The House of the Seventh Minuet XLIV

The I-5 highway runs somewhat parallel to the train tracks for a lot of the distance between Seattle and Portland. It’s not perfect by any means, but I could see the long line of Amtrak Silver in the distance for much of the drive. Eventually, my speed had me passing even the front of the train, and I found myself alone with my music on the highway.

In another mood, I might have loaded an audiobook; that day, I just wanted to be able to think. Not just about how warm Stefan had been lately– both literally and emotionally– but also about what I was going to do about Tierney Ríocht. Had I really agreed to meet with Jean-Marc once more? Was it just so I could get him to go back to his own world with Evander? What did they think I was going to do for them? What was I willing to do?

I sighed and focused back on the road. The transition to the 205 came before too long, and I took it for a few miles before getting off so I could get some dinner and groceries. I found myself exhausted and just wanting to get home, but there were things I knew I was out of at the house. Eventually, I was able to sit down at the kitchen table with my Thai curried chicken and vegetables and just relax. I actually left my suitcase and the heaver, non-perishable groceries in the care while I ate.

I was half-way through by the time I felt better enough to message Stefan.

Did the train put you to sleep yet?

Not even close. How was the drive? Are you home?

Yeah, I’m home. It was uneventful.

That’s good sometimes.

Heh. Yeah, I’m not complaining. You gonna eat on the train?

No way; I’m getting roast chicken later.

You Viking!

You’re catching on. 😉 BTW, are you gaming later?

I would if I could, but I’ll probably just end up unpacking and getting ready for bed.

Can I at least text you ‘good night’ later?

Sure you can.

Once I had everything in from the car, I found that I had enough time to start a load some laundry and check some things on my computer until it was ready to toss into the dryer. I texted Killian that I’d made it home, and he sent back pictures of himself and Larsa at the Seattle Space Needle. Larsa texted me separately to show me the flowers Killian had gotten set up on their table for their reservation as a surprise. It was adorable seeing the way they were with each other.

It had already been dark outside for a long time, and as I let them get back to their fun, I laid down on my bed and stared upward. Like I mentioned before, I’d chosen a room with a four-poster bed; the top fabric of this one was brocade in lavender and cobalt, with stars and crescent moons and blazing suns in the pattern. My thoughts drifted back to Tierney Ríocht, and I realized that I hadn’t even seen that sky there. I’d only ever been in that one room, that sort of dance hall.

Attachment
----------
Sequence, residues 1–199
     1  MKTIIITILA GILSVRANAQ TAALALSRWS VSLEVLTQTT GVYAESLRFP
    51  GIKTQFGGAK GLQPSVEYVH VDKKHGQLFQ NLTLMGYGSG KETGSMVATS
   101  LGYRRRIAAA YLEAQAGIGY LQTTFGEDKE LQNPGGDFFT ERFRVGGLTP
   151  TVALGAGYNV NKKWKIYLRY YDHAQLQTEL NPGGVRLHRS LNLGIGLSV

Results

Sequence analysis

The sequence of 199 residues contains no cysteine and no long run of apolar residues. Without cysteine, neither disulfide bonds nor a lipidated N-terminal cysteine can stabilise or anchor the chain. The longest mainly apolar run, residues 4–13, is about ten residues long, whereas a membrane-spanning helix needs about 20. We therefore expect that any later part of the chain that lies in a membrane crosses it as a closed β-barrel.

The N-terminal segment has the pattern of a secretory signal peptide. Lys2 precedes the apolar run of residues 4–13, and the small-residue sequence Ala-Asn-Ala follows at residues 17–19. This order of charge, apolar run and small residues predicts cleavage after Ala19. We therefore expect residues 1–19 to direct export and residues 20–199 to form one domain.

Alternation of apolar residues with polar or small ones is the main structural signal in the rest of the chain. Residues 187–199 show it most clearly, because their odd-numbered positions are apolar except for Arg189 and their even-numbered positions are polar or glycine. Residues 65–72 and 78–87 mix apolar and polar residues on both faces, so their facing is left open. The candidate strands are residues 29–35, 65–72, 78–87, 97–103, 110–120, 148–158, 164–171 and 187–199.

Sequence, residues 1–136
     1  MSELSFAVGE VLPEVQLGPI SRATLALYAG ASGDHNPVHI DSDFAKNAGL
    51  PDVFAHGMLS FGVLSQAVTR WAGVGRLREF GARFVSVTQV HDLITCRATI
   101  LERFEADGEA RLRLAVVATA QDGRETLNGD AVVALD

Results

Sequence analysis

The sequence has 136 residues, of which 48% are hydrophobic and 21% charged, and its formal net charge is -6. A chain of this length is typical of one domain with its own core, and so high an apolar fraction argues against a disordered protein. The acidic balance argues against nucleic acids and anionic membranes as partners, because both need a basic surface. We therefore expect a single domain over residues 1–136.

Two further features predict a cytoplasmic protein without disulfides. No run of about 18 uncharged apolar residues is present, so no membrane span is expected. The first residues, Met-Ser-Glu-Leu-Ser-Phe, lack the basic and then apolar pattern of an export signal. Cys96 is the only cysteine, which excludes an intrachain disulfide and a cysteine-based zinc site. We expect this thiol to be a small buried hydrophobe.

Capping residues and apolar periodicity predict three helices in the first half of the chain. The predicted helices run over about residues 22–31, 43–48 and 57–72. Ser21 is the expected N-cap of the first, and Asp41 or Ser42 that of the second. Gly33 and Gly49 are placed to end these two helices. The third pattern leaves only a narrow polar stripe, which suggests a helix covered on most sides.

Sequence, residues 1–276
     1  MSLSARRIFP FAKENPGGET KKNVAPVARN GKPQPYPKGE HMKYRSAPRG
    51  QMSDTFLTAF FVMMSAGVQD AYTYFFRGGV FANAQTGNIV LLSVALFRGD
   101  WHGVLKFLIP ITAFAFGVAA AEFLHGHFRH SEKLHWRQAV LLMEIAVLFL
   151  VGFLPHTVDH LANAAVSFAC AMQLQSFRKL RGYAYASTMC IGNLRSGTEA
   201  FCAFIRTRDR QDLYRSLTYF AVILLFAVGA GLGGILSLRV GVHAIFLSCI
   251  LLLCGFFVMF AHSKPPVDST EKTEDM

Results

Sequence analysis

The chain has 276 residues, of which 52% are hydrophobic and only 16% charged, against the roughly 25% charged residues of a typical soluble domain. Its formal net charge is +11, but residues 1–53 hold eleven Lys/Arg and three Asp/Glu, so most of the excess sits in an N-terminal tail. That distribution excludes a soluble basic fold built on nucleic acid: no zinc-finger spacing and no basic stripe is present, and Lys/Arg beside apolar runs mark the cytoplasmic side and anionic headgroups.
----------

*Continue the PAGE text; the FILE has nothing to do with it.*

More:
I sighed. Heavily.

What was that place, anyway? I had to figure it out, because being in denial about it or thinking I might really have a fourth floor in this house was too much. My brain was not computing it well. And really, could it be all that bad to visit another world? What was the point in reading and writing about them if all I ever wanted them to be were stories?

My phone chimed, and I rolled over to read a message from Stefan.

‘The skies are painted with unnumber’d sparks,’ he’d quoted; ‘They are all fire and every one doth shine.’

You’re full of quotations today, I replied.

Maybe I’m a little inspired.

That’s good to hear.

You haven’t been chatting much since you got home; you tired?

Yeah, and then some.

Well then, I bid you a very fond good night.

Sweet dreams.

I put the phone back on its charger and turned off the last of the lights in the bedroom. The door was closed, the windows locked, the curtains drawn– even the ones around my bed had me safely enrobed. As I settled in among the blankets, I pondered to myself why it might be so bad to be able to visit another world, one with magical beings in it.

The trope idea aside, wasn’t it just a question of danger? Was Tierney Ríocht dangerous? Evander was intensely kind, and as nobly as he’d behaved, I felt that he could ward off all sort of bad things. Were that even bad things there– things worse than the satyr? I could at least find out. The important thing was that nothing– and I mean nothing, not even my visions of elves and knights and dragons– took my away from my best friend in the whole, entire world.


A quick but playful dance for your viewing enjoyment:

About Legends of Lorata

Eleanor Willow is the author of the high fantasy series Legends of Lorata, which takes place on a medieval-style world filled with elves, dragons and faeries. There is also a fourth race, one that is rare and magical: the angelic Starr. Lorata is a planet where four gods are known: good, evil, elemental and celestial-- and there are plenty of legends about them all! One of the most important ones is the prophecy of Jenh's champion, Loracaz, who is promised to return to the land whenever evil threatens to take hold. There are currently four books planned. The first one is completed and currently being edited. Any news I have on about publishing will be shared as it comes in!
This entry was posted in House of the 7th Minuet, NaNoWriMo. Bookmark the permalink.

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